Related HypothesesCite
  6. Clubs have multiple uses in foraging societies.Hrnčíř, Václav - The Use of Wooden Clubs and Throwing Sticks among Recent Foragers, 2023 - 1 Variables

    The idea that archaic humans used wooden clubs as weapons is popular but not based on much archaeological evidence, due to the poor preservation of organic materials in the archaeological record. A new study analyzed 57 recent hunting-gathering societies and found that the majority used clubs for violence and/or hunting. The use of throwing sticks was less frequent. The study suggests that the use of clubs by early humans was highly probable, but that prehistoric weapons may have been quite sophisticated and carried strong symbolic meaning. The great variation in the forms and use of clubs and throwing sticks among recent hunter-gatherers suggests that similar variation may have existed in the past.

    Related HypothesesCite
  7. Adult violence mortality is higher among horticulturalists compared to hunter-gatherers (164).Hames, Raymond - Pacifying Hunter-Gatherers, 2019 - 2 Variables

    In this article Hames addresses the long-standing disagreements between evolutionary theories regarding human warfare (more specifically between Rousseauian and Hobbesian frameworks). This study posits that while most current and previous research focuses on the discrepancies between the frequency and intensity with which warfare takes place between hunter-gatherer and large-scale societies, the ability for societies to live in peace with their neighbors despite the possibility for warfare, is the most important evolutionary trait. Coexisting peacefully is what distinguishes human socially and politically from chimpanzees whereas warfare itself is a more primitive trait humans share with previous ancestors. Hames concludes that going forward, use of phylogenetic methods to control for common ancestry, and use of archaeological data would lead to new and more comprehensive findings. Although largely a review of principal warfare literature, Hames does present an original statistical finding on adult violence mortality which is reported below.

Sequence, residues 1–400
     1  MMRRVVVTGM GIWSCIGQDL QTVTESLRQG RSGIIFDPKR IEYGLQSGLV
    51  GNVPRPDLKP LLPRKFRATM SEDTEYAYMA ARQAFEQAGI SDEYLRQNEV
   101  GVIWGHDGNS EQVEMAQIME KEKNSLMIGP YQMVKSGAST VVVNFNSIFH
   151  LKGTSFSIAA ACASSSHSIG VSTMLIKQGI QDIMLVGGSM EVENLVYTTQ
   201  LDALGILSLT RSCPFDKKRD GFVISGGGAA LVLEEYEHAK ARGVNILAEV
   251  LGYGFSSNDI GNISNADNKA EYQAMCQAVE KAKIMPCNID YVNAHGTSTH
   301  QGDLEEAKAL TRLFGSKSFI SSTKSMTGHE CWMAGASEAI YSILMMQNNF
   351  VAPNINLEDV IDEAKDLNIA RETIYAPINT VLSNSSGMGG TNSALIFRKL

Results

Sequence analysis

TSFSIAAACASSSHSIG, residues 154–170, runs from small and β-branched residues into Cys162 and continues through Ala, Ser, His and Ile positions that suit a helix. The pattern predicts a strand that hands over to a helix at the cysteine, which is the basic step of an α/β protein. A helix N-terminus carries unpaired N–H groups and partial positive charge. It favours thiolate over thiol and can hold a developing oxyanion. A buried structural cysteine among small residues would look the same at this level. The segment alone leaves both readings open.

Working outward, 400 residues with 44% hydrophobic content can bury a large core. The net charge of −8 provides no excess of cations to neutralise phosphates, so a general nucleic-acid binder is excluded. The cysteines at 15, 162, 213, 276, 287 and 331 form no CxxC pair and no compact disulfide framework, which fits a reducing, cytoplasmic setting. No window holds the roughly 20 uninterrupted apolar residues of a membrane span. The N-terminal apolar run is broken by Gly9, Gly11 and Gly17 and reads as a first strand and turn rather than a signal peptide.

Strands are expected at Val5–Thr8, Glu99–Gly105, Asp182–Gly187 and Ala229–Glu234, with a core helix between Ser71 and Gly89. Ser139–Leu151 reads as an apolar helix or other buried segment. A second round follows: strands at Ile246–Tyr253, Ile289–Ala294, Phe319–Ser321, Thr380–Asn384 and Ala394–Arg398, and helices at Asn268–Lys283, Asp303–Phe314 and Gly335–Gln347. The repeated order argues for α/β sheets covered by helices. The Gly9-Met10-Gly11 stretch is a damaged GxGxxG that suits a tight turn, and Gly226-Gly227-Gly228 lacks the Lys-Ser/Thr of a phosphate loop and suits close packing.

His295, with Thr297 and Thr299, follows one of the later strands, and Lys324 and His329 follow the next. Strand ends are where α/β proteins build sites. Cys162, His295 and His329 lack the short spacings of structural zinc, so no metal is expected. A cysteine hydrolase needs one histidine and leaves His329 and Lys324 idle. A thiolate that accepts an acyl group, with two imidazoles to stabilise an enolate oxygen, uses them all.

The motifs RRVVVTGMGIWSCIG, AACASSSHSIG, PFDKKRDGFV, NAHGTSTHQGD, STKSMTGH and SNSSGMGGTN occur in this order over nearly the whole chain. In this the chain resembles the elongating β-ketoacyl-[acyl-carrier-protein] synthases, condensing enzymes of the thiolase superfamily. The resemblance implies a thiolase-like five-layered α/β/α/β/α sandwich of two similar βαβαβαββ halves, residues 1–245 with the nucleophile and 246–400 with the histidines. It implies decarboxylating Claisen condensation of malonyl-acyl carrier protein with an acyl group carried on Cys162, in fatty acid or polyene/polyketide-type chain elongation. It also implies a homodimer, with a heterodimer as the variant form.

Related HypothesesCite
  8. Hunters will have greater resource ranges than gatherers.Hamilton, Marcus J. - Nonlinear scaling of space use in human hunter-gatherers, 2007 - 2 Variables

    Using a representative sample of 339 hunter-gatherer societies, researchers examine the relationship between hunter-gatherer use of space, size of population and supply of resources to see if they are similar to other organisms. By combining all factors into a single model, the authors claim to explain 86% of the variation in home range. Hunters have greater resource distribution than gatherers but both more so than aquatic foragers. Lastly, terrestrial foragers have more extensive home ranges than aquatic foragers.

    Related HypothesesCite
  9. Climate and subsistence type will be associated with the percentage of animal foods in the diet.Pontzer, Herman - Effects of Evolution, Ecology, and Economy on Human Diet: Insights from Hunt..., 2021 - 3 Variables

    This study, primarily a review on the evolution of the human diet, also includes a small study on the distribution of meat-eating and its relationship with climate and cultural factors, namely subsistence type. The authors find that societies with subsistence strategies that prioritize fishing, hunting, or pastoralism also tend to consume more animal products, whereas those that focus on agriculture have more plant-based diets. The authors argue that these small-scale societies have a healthier approach to diet than industrialized societies regardless of their subsistence type or meat consumption.

    Related HypothesesCite
  10. Gathering is the most important subsistence activity among hunter-gatherers (440).Ember, Carol R. - Myths about hunter-gatherers, 1978 - 1 Variables

    This article challenges common assumptions about hunter-gatherers and demonstrates that previous ideas about residence, division of labor and warfare are not supported by the cross-cultural data.

    Related HypothesesCite